According to exit polls, angry Greek voters have overwhelmingly punished the two major parties that endorsed draconian international loan agreements.
There is no front-runner in sight, but the fringe parties on the left and the right that strongly oppose the bailout terms have benefited the most.
The socialist PASOK and the conservative New Democracy parties that have alternated for four decades — and uneasily co-governed for the last six months — are imploding.
In the last elections in 2009, PASOK won 44 percent, while New Democracy — at its then- historic low — garnered 33.9 percent.
Exit polls today attribute to each party only about 20 percent of votes cast.
The two major parties are taking the brunt of a German-inspired austerity program to overcome Greece’s debt crisis.
The country is in deep recession, unemployment has hit 21 percent and GDP has been slashed by 20 percent in just two years.
In a major upset, Syriza, the Coalition of the Radical Left, was running second behind New Democracy and ahead of PASOK.
On the other side of the spectrum, the neo-Nazi-inspired Golden Dawn appears poised to enter parliament for the first time.
According to the Greek electoral law, the party that wins the most votes gets a bonus of 50 seats in the 300-seat parliament. So, despite what appears to be their extremely poor results, PASOK and New Democracy might be able to scrape through and continue their governing coalition.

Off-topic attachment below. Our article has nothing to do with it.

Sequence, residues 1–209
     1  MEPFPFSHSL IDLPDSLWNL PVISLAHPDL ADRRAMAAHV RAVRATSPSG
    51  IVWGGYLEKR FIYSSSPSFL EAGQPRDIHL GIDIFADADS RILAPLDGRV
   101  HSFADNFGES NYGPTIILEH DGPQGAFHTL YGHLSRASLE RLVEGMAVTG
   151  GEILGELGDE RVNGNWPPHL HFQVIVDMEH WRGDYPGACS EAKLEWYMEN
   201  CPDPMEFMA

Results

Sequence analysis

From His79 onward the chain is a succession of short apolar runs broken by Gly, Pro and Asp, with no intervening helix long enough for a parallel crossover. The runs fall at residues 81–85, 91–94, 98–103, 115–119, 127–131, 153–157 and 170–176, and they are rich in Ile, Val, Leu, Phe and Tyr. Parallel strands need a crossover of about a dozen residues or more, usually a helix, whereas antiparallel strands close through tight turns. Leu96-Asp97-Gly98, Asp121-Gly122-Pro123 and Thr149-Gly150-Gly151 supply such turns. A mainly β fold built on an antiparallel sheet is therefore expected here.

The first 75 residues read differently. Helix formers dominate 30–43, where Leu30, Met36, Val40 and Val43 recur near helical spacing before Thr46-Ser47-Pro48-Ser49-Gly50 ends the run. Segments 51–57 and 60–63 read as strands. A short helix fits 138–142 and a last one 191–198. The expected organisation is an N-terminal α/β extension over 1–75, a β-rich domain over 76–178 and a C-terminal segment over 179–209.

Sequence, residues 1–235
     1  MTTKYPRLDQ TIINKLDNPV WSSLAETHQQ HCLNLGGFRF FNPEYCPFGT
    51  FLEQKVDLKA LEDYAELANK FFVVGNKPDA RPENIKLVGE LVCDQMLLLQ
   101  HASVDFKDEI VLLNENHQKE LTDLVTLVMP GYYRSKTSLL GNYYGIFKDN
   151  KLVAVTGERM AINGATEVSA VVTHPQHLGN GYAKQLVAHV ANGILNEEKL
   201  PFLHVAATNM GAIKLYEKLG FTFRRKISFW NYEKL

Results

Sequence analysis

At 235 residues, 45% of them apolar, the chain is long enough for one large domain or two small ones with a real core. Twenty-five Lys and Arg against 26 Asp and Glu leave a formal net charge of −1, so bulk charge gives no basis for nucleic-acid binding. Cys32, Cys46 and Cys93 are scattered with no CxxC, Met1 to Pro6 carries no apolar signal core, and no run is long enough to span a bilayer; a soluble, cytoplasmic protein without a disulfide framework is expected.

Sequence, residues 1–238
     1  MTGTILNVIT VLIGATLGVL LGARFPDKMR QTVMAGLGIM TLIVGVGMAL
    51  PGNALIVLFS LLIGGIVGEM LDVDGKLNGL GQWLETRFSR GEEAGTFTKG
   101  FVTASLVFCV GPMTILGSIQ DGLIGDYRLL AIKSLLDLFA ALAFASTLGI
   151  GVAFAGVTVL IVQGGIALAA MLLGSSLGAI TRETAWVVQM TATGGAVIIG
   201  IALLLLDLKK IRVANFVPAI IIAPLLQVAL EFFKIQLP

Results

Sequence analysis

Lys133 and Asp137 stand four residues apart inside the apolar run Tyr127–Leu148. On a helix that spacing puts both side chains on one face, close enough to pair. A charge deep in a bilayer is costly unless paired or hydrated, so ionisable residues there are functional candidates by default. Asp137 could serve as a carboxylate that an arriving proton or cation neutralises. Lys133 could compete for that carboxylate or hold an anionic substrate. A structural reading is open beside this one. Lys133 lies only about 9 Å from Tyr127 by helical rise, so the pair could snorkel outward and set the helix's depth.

But it would be a very weak government facing widespread opposition to the bailout terms and austerity program.
The next government also has the tough task of slashing another $15.5 billion from the state budget over the next two years in a country where some 20 percent of the population already lives under the poverty line.
Analysts pointed out a significant fraying of old party loyalties. They say that today, 6 out of 10 voters switched from previous allegiances.
The election is being closely monitored by European Union officials and Greece’s international creditors, which insist that the next Greek government uphold its international commitments. Results are also certainly causing further fibrillation among those Northern European proponents of fierce austerity on debt-heavy Greece.
It is not clear whether a rebellious Greece could be forced legally out of the euro-zone.
The pressure on Greek voters was intense — Berlin officials said Greece will have to bear the consequences if the next government does not respect its commitments. But many Greeks did not think the threat of banishment, bankruptcy and further impoverishment was credible.
Many voters cast their ballots pinning their hopes on what they see as a mood shift throughout Europe: They no longer see themselves as the isolated, international financial pariah.
The anti-austerity movement is growing in Spain, Italy, Ireland and even The Netherlands. It’s even toppled Germany’s loyal ally President Sarkozy of France.
Greeks are hoping this could be a game-changing moment in Europe that weakens the austerity-first crowd and offers alternative policies focusing on growth rather than cutbacks.